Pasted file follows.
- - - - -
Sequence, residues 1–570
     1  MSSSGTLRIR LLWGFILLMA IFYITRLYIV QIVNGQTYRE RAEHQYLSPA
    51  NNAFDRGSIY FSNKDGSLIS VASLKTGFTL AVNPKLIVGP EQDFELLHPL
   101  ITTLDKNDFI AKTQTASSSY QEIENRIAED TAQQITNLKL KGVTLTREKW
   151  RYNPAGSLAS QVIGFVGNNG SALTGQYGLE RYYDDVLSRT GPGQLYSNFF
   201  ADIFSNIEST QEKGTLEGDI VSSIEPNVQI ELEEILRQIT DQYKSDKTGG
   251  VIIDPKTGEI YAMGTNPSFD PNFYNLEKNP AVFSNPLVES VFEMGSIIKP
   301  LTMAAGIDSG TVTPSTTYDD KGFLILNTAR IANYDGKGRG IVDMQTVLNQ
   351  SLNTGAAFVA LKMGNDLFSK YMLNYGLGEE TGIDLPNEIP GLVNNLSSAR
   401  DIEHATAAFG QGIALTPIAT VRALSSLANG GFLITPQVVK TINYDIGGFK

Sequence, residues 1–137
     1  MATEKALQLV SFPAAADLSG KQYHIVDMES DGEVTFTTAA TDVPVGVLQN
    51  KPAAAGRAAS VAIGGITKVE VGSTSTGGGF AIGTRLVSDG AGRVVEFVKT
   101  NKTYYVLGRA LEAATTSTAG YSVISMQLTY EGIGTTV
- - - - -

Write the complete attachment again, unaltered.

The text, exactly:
Sequence, residues 1–570
     1  MSSSGTLRIR LLWGFILLMA IFYITRLYIV QIVNGQTYRE RAEHQYLSPA
    51  NNAFDRGSIY FSNKDGSLIS VASLKTGFTL AVNPKLIVGP EQDFELLHPL
   101  ITTLDKNDFI AKTQTASSSY QEIENRIAED TAQQITNLKL KGVTLTREKW
   151  RYNPAGSLAS QVIGFVGNNG SALTGQYGLE RYYDDVLSRT GPGQLYSNFF
   201  ADIFSNIEST QEKGTLEGDI VSSIEPNVQI ELEEILRQIT DQYKSDKTGG
   251  VIIDPKTGEI YAMGTNPSFD PNFYNLEKNP AVFSNPLVES VFEMGSIIKP
   301  LTMAAGIDSG TVTPSTTYDD KGFLILNTAR IANYDGKGRG IVDMQTVLNQ
   351  SLNTGAAFVA LKMGNDLFSK YMLNYGLGEE TGIDLPNEIP GLVNNLSSAR
   401  DIEHATAAFG QGIALTPIAT VRALSSLANG GFLITPQVVK TINYDIGGFK

Sequence, residues 1–137
     1  MATEKALQLV SFPAAADLSG KQYHIVDMES DGEVTFTTAA TDVPVGVLQN
    51  KPAAAGRAAS VAIGGITKVE VGSTSTGGGF AIGTRLVSDG AGRVVEFVKT
   101  NKTYYVLGRA LEAATTSTAG YSVISMQLTY EGIGTTV